Curry School of Education assistant professor Daphna Bassok didn’t buy in to media reports that redshirting—delaying children from entering kindergarten for one year—was gaining popularity with parents.
“We had read in news outlets like the New York Times that it is becoming more common to start kindergarten late,” says Bassok. Those reports had the practice of redshirting reaching nearly 20 percent of all kindergarteners.
“The media numbers are way off,” Bassok says. “They were [only] capturing certain communities in higher-income areas.”
Parents who redshirt their children may do so to ensure they are not the youngest children in class, which could make it more difficult to “stand out academically, socially or physically,” Bassok says. “Parents are worried about the child’s relative position in the classroom.”
Bassok and Reardon began their research by accessing data from the federal government’s Early Childhood Longitudinal Study, an ongoing survey that examines child development, school readiness and early school experiences. They wanted to see if redshirting was related to developmental concerns or issues associated with gender, socio-economic status or race.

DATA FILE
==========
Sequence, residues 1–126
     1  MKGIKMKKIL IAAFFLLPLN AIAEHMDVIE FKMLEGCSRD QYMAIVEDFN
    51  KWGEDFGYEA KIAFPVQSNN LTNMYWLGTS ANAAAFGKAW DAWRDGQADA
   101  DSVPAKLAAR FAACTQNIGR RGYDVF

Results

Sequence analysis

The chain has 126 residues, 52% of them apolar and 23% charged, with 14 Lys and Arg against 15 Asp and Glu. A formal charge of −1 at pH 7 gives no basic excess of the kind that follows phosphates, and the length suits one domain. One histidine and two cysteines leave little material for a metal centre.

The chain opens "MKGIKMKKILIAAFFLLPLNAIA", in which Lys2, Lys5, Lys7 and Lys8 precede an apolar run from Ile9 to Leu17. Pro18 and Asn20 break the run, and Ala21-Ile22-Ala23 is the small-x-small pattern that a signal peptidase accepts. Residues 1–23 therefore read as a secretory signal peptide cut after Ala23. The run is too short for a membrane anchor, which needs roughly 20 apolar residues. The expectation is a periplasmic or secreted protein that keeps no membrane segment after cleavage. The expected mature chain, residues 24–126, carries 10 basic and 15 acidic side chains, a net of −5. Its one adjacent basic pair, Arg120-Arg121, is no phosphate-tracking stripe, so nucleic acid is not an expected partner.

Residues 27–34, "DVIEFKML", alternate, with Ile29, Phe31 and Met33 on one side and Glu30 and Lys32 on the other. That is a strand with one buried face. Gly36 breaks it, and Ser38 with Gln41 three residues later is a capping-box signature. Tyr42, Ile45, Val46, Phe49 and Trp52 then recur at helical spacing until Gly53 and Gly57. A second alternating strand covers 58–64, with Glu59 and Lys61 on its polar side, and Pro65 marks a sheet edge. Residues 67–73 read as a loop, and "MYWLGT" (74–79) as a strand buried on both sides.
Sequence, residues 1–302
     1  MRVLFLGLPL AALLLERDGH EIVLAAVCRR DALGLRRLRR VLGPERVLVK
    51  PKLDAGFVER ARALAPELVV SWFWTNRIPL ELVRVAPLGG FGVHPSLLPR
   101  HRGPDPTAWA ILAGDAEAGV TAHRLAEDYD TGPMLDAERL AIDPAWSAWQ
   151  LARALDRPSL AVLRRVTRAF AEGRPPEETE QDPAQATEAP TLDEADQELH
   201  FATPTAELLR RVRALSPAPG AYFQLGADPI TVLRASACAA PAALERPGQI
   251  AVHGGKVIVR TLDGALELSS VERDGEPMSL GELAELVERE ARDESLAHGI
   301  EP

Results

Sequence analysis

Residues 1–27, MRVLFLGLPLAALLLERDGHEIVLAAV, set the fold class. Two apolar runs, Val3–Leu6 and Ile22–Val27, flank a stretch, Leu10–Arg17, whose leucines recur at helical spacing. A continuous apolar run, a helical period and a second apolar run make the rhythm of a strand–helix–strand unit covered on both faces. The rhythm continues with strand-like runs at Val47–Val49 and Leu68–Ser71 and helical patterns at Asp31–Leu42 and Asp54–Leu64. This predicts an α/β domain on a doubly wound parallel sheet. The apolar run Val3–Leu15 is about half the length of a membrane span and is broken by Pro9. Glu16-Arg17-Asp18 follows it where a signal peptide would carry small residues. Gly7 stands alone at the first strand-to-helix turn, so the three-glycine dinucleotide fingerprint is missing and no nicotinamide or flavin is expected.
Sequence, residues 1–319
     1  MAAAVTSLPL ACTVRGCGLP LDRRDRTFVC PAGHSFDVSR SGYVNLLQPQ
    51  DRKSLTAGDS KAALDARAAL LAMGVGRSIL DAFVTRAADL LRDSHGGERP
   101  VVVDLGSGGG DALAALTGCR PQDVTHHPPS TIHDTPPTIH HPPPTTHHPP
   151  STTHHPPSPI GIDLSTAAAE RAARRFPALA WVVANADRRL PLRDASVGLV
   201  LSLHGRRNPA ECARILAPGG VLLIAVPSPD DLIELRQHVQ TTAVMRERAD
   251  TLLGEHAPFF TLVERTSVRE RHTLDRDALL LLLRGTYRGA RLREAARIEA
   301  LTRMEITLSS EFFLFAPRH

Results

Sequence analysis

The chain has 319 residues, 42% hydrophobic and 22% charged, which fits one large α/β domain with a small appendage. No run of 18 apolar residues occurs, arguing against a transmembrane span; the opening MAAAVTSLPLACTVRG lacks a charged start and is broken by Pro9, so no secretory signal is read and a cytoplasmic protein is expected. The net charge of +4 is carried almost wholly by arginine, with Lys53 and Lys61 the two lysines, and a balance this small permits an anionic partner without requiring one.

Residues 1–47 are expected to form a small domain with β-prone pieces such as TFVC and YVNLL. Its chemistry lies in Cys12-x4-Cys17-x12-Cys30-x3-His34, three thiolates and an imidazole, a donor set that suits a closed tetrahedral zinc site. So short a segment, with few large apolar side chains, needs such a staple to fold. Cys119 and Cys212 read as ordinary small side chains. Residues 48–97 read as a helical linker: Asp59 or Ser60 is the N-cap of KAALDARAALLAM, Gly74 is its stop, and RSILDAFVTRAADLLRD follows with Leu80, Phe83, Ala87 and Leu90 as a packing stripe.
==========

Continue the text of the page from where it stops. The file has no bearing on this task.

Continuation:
As the researchers dug into the data, they found huge disparities in the types of children being redshirted. For example, about 6 percent of white children nationwide were held out of school for another year, compared with just 1 percent of African-American children.
In addition, children from higher-income families redshirted their children twice as often as low-income families.
Bassok says that is likely because more-affluent parents can afford to keep their children in preschool or day care—which families typically pay for themselves—beyond the time their children first become eligible to enroll in public school kindergarten, which is free.
“Redshirting is far too expensive for less-affluent families,” Bassok says.
She says her results suggest that redshirting gives children from high-income families an advantage over children from lower-income communities. “If there were high-quality, affordable preschool programs across all communities, you wouldn’t see these disparities,” Bassok says.